Successful Trader's Cheat Sheet
Give me the CHEAT SHEET!
Successful Trader's Cheat Sheet - NO

Get his custom indicators. There's 2 of them. One of which plots all daily, weekly and monthly pivots that have ever been on the chart, and marks which ones were "missed" on the day/week/month they were formed. These are important, because he noticed ages ago that when price misses a pivot because it is moving strongly in one direction, it has a tendency to retrace towards that pivot when that driver runs out of steam. Relative to the time frame we're talking about
Trading foreign exchange on margin carries a high level of risk, and may not be suitable for everyone. Before deciding to trade foreign exchange you should carefully consider your investment objectives, level of experience, and risk appetite. Remember, you could sustain a loss of some or all of your initial investment, which means that you should not invest money that you cannot afford to lose. If you have any doubts, it is advisable to seek advice from an independent financial advisor.

rob booker trading reviews

Oh yeah Tim - once I saw Robs post that he "didn't find second best trader here" and a picture of barclays bank this was a big red warning for me - Rob is so stupid that he can't even see difference between "barclay hedge" and barclays bank - any serious trader wold know this - so I bet with everything I have Rob is NOT a trader and NEVER traded profitably. So cheap of you to attack Jarrett - it is you who look like an idiot not Jarrett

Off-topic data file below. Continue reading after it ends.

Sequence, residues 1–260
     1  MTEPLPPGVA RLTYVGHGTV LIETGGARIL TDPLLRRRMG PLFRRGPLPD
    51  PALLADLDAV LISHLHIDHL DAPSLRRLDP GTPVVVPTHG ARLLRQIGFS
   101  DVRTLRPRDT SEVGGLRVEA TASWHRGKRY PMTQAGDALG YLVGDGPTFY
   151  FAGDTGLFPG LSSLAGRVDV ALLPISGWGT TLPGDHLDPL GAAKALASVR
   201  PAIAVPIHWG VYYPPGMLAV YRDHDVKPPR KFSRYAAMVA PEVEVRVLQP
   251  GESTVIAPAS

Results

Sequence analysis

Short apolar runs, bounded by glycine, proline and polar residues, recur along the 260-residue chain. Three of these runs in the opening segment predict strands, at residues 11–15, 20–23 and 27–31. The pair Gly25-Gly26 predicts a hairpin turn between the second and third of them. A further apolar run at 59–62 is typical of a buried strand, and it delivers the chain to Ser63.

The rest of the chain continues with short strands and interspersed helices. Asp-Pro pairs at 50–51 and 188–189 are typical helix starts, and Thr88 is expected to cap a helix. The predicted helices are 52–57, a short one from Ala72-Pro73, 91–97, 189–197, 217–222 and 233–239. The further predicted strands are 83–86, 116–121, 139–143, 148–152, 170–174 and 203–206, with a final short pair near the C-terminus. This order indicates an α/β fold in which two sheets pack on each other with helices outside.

Yet curiously, Chapter 3 in Boris and Kathy's book Millionaire Traders (published in 2007) features an interview with none other than the same Mr Booker, the "100 pip trader" ("in less than 5 years, he's gone from being a $2,500 trader to a client of a major bank who trades a respectable size account" -- see p37). Assuming that B&K performed some background research before selecting their interviewees, then being the subject of such a book creates the impression that Rob has in fact made a 7 figure sum from trading. Hence I don't know what to make of it all.
Any forex transaction that settles for a date later than spot is considered a "forward." The price is calculated by adjusting the spot rate to account for the difference in interest rates between the two currencies. The amount of adjustment is called "forward points." The forward points reflect only the interest rate differential between two markets. They are not a forecast of how the spot market will trade at a date in the future.